That’s one perspective, but it’s a direct contradiction of what seems to be main thesis of HTM: we see some sort of match between expectation and the input. Both have some validity, but are mutually exclusive: change is what you don’t expect. I am guessing that change and confirmation are formed as alternative representations of the input, where salience is the degree of change | confirmation. Change would create new representation: map to some previously blanck / insignificant cortical patch, while confirmation reinforces existing patch. The patch would be some sort of column, I am not sure if it’s mini or macro at this point.

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Yes and no, I’m referencing the visual cortex from the perspective of saccades for simplicity that create a short burts of activity during the settling after the move (flash whole frame). Peripheral vision triggering by motion (preditor or prey detection). The straw eye view of the world.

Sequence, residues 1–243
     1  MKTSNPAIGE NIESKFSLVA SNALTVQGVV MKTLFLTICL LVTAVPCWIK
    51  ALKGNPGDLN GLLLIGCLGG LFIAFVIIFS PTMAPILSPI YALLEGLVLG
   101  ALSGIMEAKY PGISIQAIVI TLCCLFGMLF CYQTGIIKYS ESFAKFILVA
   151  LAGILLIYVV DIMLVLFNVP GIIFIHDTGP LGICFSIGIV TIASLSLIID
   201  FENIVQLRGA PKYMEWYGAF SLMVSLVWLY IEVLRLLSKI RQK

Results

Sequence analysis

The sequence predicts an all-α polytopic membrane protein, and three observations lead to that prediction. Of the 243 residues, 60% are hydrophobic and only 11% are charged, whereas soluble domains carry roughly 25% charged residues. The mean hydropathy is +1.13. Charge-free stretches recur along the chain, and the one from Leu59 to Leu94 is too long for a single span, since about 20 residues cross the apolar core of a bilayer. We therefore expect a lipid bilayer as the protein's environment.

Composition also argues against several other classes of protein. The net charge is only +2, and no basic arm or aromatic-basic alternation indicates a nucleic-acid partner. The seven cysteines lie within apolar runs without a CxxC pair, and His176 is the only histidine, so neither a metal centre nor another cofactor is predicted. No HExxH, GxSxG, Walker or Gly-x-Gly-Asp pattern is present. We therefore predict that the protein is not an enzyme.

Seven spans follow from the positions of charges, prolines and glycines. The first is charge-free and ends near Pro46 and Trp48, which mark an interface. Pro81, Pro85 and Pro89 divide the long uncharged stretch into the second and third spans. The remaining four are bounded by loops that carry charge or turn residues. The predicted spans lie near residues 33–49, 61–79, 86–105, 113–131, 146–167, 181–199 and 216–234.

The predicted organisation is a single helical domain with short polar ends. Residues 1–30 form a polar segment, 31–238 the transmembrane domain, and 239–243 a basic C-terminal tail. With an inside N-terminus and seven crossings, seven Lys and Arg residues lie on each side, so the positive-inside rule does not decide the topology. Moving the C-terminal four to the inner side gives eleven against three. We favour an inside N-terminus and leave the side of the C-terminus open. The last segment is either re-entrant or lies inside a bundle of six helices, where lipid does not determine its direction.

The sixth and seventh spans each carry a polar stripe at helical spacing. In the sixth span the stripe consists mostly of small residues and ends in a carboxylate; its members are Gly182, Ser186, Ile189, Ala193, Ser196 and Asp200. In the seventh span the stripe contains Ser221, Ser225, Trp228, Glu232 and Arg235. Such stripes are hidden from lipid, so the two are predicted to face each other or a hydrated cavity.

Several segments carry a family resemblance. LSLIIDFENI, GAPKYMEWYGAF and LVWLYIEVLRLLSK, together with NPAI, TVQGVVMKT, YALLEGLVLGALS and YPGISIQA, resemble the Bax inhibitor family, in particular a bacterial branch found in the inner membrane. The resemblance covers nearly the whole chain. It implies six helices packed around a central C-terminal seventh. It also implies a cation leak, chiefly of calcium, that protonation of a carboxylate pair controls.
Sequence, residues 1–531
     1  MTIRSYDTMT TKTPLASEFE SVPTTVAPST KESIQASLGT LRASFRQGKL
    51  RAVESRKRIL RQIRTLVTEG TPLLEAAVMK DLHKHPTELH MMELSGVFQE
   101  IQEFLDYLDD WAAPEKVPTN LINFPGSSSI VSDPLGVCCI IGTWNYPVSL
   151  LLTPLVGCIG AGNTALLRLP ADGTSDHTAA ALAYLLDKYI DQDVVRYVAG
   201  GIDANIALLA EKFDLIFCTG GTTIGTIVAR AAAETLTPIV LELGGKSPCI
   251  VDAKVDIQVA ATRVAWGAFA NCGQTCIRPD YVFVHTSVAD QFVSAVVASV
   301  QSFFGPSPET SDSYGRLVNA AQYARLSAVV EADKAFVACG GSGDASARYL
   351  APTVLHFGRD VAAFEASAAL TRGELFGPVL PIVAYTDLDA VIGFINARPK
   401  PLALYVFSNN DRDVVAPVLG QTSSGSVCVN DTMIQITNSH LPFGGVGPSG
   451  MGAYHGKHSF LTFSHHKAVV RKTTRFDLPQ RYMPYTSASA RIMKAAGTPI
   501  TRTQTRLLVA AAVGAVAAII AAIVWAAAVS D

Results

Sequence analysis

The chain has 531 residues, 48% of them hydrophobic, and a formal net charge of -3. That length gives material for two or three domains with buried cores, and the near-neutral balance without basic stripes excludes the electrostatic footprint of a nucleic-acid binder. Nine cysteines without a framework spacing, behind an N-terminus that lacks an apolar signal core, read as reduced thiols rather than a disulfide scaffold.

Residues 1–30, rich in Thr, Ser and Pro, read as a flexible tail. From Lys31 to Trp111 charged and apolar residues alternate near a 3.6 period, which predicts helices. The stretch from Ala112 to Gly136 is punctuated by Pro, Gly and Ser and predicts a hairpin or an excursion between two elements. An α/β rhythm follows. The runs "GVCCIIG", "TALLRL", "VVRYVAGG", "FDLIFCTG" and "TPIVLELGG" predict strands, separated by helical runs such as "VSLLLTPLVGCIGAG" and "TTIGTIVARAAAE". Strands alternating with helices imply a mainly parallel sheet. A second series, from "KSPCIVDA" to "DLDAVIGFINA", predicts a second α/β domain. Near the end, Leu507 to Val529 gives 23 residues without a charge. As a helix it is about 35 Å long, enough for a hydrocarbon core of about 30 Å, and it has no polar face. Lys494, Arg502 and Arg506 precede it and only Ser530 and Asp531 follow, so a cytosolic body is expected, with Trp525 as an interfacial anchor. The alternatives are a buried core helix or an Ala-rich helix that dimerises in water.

HTM is a cortex model and the persistence of new/current sensory input does not really occur there (as it implies that a full synapse is formed in a single LTP event) as it’s the short window of repeated hippocampal replay (short tem window of now) which to me is where the interesting persistence is. At this point think of the way we hold words or transitory senses in that buffer to be able to understand them (fit into a new or recall an existing pattern match) once we have enough of a sequence. It’s a blend of existing cortex pattern recognition/residue with an ongoing sensory stream.